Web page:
Monday, 28 October 2013

C.A.D.E.T. Academy Dyslexia Awareness Seminar in Abuja

The Comprehensive Autism and related Disabilities Education and Training (C.A.D.E.T.) Academy organized a dyslexia awareness seminar in Abuja, Nigeria, on 26th October 2013. The title of the seminar was: Understanding Dyslexia. The seminar was one of the activities which the organization conducted to mark the month of October as the International Month of Dyslexia Awareness. The aim of this particular seminar was to educate, inspire and encourage families, teachers and caregivers who are dealing with young students living with dyslexia, towards embracing a proper understanding of the condition, and defeating stigma.

The seminar gave me the opportunity, as the special education Program Director of the C.A.D.E.T. Academy, to educate and enlighten the audience on some facts and misconceptions about dyslexia. We further discussed some of the signs and how to conduct comprehensive tests on individuals who are suspected to be dyslexic. I also gave some tips and strategies to the audience on how to accommodate dyslexic students in an inclusive classroom.

The seminar which was offered free of charge to the public was well attended by people from within and outside Abuja. The audience were full of appreciation and some even used the opportunity to share inspirational stories about their personal experiences with persons living with special needs.

If you missed this seminar, don't worry, more of our seminars and workshops are scheduled for the months ahead - some will be free and some will be at a fee. You may visit the C.A.D.E.T. Academy YouTube channel via the website ( to watch. Photo highlights are below, after the cut.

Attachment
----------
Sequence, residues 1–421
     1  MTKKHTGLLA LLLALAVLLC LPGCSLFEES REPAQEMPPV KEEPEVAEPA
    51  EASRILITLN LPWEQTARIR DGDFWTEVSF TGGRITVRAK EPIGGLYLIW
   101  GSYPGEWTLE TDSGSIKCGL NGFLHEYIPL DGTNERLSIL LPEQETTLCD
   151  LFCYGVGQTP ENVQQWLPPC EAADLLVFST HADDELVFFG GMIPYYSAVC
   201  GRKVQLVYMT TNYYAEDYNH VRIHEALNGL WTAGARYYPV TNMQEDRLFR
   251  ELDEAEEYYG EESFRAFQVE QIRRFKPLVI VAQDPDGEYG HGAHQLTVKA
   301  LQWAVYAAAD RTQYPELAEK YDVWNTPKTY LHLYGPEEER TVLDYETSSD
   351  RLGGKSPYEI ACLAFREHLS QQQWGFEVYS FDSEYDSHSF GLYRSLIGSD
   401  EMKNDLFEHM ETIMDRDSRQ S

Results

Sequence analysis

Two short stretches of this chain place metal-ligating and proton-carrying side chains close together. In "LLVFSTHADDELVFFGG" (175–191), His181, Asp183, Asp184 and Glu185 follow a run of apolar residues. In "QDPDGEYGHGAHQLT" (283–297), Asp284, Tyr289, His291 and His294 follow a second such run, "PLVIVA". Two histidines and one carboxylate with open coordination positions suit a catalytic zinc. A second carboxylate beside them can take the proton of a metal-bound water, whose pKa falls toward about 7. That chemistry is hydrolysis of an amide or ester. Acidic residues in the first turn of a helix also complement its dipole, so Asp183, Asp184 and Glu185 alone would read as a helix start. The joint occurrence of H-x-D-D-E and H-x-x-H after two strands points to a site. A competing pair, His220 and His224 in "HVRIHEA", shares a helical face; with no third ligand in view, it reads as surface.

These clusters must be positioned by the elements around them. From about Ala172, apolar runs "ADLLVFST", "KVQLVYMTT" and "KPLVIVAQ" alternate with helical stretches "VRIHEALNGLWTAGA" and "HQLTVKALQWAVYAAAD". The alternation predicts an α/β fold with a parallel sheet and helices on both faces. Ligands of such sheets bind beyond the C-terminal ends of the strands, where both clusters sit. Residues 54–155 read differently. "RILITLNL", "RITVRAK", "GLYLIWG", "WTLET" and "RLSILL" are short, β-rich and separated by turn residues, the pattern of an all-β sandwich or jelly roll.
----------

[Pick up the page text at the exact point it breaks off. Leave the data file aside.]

Friday, 4 October 2013

Lola Aneke is Presenting a Free Seminar in Abuja!

On October 26, 2013 Lola Aneke, MAT, SpEd, owner of Comprehensive Autism and related Disabilities Education and Training (C.A.D.E.T.) Academy, Abuja, will present a FREE, 2 hour seminar titled "Understanding Dyslexia."

The seminar is open to families and professionals (including school administrators, teachers, therapists and caregivers) in Abuja. The seminar will begin at 11:00 am at the Meeting Hall, 10b Owena Close, Off Yedseram Street, Maitama, Abuja.

Seminar Description:

Dyslexia is a language-based learning disability, and contrary to some beliefs, it is not due to either lack of intelligence or a desire to learn. In  fact, with appropriate teaching methods, dyslexics can, and do learn successfully. Seminar attendees will learn about the signs of dyslexia and what they can do to help dyslexics.

FREE brunch will be served, but there are limited seats available. Therefore, please register for the seminar by sending the code: DYSLEXIA SEMINAR to: or text DYSLEXIA SEMINAR to 07057630825

About the Presenter:

Lola Aneke, MAT, SpEd started working with students with various special needs while studying in the United States in 2010. She has a K-12 practicing license from North Carolina in the United States. She also has a Master of Art in Teaching (MAT) General Education with a specialization in Special Education (SpEd) from Meredith College, North Carolina, and a Bachelor Degree in Sociology from University of Lagos.

Lola is versed in the Common Core and Essential United States Standards, and well experienced in hands-on, engaging, and creative learning activities that take into consideration the diverse needs and experiences of mainstream students as well as students with special needs. She has taught children with Autism Spectrum Disorder (ASD), Attention Deficit Hyperactivity Disorder (ADHD), Cerebral Palsy, emotional disturbances, intellectual disabilities, and other disabilities, in the United States and in Nigeria. She is a member of North Carolina Association of Educators (NCAE), the United States Council for Exceptional Children (CEC), CEC Division of International Special Education and Services (DISES), and CEC Division on Autism and Developmental Disabilities (DADD).

For sponsorship, please send email to: or call: +2347057630825.

The event is powered by:

Dyslexia Awareness Seminar